In 2006, Mwaura and other persons with albinism in Kenya founded Albinism Society of Kenya (ASK), a national organisation that brings together persons with albinism in Kenya and whose mission is to create awareness on the rights of persons with albinism, their social inclusion, empowerment and equity to socio-economic opportunities. Mwaura articulated the objective of ASK: "We wanted to share and celebrate our differences and uniqueness as persons with albinism and lobby the government to fund the national development fund for persons with albinism.”[17] Mwaura is the National Coordinator and the Chairman of Albinism Society of Kenya, and through his stewardship, the organisation has made significant milestones in rescuing persons with albinism from ritual killings as well as creating job opportunities and economic empowerment for persons with albinism in Kenya. Additionally, the organisation has been involved in policy and legislative advocacy, albinism awareness, eye-care and sunscreen programme, education support, counselling programme and cancer treatment intervention for persons with albinism .[18] Through ASK, persons with albinism in Kenya are provided with free sunscreen lotions, prescription glasses and protective clothing in order to shield them from harmful solar radiation. Also to note, more than 30 hospitals in Kenya have been equipped with cryotherapy equipment in order to assist in mitigation of skin cancer, and a special fund has been set aside to meet medical expenses of skin cancer sufferers with albinism. Other key achievements ASK is proud of is the appointment of Mumbi Ngugi, a woman with albinism, as the Judge of High Court in Kenya[19] and emergence of Goldalyn Kakuya, a girl with albinism, as the best student in the Kenya Certificate of Primary Education in Kenya in 2017 after scoring 455 marks out of 500.[20] Mwaura has mentored young persons with albinism, including Martin Pepela Wanyonyi, an elected Member of County Assembly (MCA) for Ndivisi Ward in Bungoma county, and Timothy Aseke who is a nominated MCA in Kakamega county.[21][22]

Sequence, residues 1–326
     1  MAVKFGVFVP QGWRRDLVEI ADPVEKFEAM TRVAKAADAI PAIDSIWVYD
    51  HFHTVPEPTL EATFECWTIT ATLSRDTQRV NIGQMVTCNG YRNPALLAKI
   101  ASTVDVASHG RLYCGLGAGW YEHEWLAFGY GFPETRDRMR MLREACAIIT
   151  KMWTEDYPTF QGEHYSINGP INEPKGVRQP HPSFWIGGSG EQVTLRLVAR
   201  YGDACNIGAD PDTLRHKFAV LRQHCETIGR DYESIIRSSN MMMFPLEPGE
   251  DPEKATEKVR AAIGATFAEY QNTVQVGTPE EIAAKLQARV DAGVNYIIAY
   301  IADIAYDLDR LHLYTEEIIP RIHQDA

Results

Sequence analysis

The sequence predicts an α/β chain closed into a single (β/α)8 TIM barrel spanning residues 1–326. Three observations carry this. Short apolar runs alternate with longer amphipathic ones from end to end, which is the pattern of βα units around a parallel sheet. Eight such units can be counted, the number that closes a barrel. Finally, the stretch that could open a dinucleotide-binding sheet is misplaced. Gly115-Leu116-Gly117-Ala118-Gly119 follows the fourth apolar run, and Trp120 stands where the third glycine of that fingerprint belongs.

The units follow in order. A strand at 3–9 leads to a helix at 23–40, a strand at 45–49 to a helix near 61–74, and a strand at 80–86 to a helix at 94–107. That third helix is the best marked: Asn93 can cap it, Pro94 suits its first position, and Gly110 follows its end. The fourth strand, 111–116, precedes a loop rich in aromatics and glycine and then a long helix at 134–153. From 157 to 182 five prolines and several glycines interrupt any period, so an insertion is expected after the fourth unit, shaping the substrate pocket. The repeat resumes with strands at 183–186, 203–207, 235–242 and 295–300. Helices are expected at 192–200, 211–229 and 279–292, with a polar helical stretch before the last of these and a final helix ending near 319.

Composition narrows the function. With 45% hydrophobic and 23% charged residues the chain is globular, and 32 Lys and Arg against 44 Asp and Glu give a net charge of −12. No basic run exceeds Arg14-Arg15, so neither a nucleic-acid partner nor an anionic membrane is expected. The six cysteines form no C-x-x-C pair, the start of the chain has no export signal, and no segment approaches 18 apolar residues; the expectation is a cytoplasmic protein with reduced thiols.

Campaigns against killings of persons with albinism[edit]

Mwaura has led sustained campaigns against stigmatization, discrimination, violence and persecution of persons with albinism in Kenya and East Africa. Mwaura attributes this plight facing persons with albinism to ignorance, myths and superstitions surrounding albinism. Fallacies and misconceived ideas about promise of wealth, health and success have led to kidnapping, trafficking and brutal murder of innocent men, women and children.[23] “The threat to persons with albinism in Kenya, and East Africa is very real," said Mwaura in 2015 after rescuing Robinson Mukwana, a young male Kenyan with albinism who had been lured to Tanzania on the promise of a job only to be presented to willing buyers.[24] Mwaura, who adopted and educates two young children with albinism - Bianca Chacha and Gabriel Kinyanjui - who had been abducted for ritual killings in 2016 but salvaged, appealed to the East Africa Community.[25] "The heads of state from East Africa should come up with a policy statement on the plight of persons with albinism in the region which has reached alarming levels."[26] Mwaura says that persons with albinism continue to face threats of their lives. Over 600 persons with albinism have been ritually killed in Africa, with Tanzania leading with 76 reported deaths. In August 2019, a teenage boy with albinism was killed and his body mutilated in Burundi,[27] while in South Africa, a 40-year old teacher in August 2019 admitted guilt to kidnapping and killing a 13-year-old girl with albinism, Gabisile Shabane, for ritual purposes.[28] Mwaura has associated these killings to election cycles or drought and famine in Africa. Mwaura, in a press conference in Nairobi on 24 August 2019 apportioned blame to heads of state in Africa for their passivity and failure in safeguarding rights and freedoms of persons with albinism. Mwaura asked, "How comes that Africa, which suffered from many years of slavery, is the same that is leading in the killings of Persons with Albinism and discrimination based on skin colour?"